It occurred to me that the vocal mic was picking up the acoustic guitar during the solo so I twisted a little more top EQ into it, increased the reverb send slightly and started panning it back and forth like a mad monkey to the beat. It was very subtle - well, as subtle as anyone with fat fingers can be - but it added a kind of swinging swagger to the solo with the reverb just swaying in the background like a reversible breeze, hooked to the beat. I kept it down and I doubt that anyone could identify what I was doing unless they read this article, but it added an audio three dimensionality to the sound and Dan liked what he heard. (He has good taste.) My point being: if I were mixing this on any kind of software system rather than a console with knobs, I never would have done this. It would have taken hours to program it and that “swing” I alluded to earlier? Well, I don’t think that you would have heard it there if it took that much effort to create the effect.

Now I am quite aware of the fact that a number of companies are marketing control surfaces which work in conjunction with the DAW packages. These range from single faders and a few knobs to enough faders that it would probably require three mix engineers, with arms fully extended to reach from one end of the console to the other. I have not had the opportunity to fly one of these setups in a real situation yet and you can bet that I will be haunting those booths at the next NAMM show. I will also make three other bets with you: 1. I’ll bet these devices return many of the physical mixing abilities that we have lost; 2. I’ll bet there will be a gang of interface problems as they attempt to work with the different DAW software packages; 3. I’ll bet that they are going to push the cost of mixing higher than that of a full-blown analog board.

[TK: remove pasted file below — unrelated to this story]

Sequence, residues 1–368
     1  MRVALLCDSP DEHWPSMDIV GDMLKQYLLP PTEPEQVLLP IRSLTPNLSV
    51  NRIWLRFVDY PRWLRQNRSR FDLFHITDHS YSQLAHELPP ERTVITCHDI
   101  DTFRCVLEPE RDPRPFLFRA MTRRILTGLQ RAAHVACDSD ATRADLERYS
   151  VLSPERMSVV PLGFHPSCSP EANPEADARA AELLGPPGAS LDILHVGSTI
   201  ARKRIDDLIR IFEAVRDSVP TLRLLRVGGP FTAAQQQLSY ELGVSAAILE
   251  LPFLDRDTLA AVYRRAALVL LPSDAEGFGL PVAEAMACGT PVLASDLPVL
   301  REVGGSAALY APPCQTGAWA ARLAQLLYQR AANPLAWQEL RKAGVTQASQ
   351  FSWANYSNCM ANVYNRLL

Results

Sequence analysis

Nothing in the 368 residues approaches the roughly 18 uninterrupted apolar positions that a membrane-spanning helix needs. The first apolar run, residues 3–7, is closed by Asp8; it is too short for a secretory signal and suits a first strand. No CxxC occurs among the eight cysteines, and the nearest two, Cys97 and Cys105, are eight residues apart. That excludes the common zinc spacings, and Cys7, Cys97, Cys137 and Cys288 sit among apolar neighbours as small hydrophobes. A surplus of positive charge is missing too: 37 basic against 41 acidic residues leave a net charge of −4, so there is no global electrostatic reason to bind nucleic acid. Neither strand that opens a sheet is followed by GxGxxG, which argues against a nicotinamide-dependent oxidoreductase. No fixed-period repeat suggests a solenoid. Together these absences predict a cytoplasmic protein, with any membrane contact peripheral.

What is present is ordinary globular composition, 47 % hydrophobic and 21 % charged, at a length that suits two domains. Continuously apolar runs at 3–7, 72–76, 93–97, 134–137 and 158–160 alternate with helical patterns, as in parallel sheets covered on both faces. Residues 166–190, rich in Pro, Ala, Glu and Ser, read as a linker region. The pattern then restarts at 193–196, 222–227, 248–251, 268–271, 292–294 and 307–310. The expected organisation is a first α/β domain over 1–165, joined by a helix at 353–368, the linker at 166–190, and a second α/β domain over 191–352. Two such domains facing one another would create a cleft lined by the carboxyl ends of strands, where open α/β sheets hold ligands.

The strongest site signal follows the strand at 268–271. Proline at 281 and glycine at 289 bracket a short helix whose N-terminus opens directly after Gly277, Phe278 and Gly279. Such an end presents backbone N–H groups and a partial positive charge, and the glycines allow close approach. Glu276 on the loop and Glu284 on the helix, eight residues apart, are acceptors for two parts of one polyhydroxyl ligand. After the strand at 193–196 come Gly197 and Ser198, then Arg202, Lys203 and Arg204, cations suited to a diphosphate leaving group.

That last bet is the unfortunate part because the ability to record and mix high-quality sound has been the emancipation of musicians. Today, pretty much anyone who can afford a guitar and an amplifier can afford their own digital studio to create their own productions. I’m hoping that someone will quickly figure out an economical way to make these control surfaces available to everyone.

We talked about this before. All that matters is how it sounds. Nobody gives a darn about how you mixed it except other mixers. If someone listens to your song and says, “Hey, great mix,” then it wasn’t, unless it was a song about mixing. My point being that we, as mixers, need to be aware of all of the tools of the trade and we need to apply them as we see fit to enhance the storytelling of the song or video. Unfortunately, the proliferation of “software only” approaches to replace mixing consoles is removing some very versatile tools from our toolbox. In our rush to the future, let’s not forget the sweet effects and techniques from our analog past.